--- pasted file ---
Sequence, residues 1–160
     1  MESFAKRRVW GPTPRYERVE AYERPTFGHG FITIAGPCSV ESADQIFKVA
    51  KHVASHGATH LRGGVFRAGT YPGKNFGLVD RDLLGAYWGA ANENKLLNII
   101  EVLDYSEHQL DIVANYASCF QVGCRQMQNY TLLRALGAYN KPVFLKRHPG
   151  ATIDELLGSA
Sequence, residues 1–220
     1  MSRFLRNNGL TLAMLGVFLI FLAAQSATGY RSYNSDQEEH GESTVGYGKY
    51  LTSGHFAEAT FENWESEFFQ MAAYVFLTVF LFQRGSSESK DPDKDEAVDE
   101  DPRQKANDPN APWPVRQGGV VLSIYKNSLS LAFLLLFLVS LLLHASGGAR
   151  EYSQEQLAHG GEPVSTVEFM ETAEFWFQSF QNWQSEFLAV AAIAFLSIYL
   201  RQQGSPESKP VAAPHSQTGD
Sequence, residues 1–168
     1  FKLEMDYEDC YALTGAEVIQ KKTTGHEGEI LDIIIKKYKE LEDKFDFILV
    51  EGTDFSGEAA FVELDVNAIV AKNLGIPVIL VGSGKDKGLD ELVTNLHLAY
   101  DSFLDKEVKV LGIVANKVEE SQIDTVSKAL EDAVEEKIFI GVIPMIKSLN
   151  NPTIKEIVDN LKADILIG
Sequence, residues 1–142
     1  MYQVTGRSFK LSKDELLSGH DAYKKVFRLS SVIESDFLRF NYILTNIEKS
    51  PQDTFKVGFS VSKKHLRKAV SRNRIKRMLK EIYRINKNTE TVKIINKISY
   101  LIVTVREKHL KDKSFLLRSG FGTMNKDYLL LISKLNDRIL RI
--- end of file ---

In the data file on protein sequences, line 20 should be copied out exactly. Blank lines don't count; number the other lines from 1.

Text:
   101  LIVTVREKHL KDKSFLLRSG FGTMNKDYLL LISKLNDRIL RI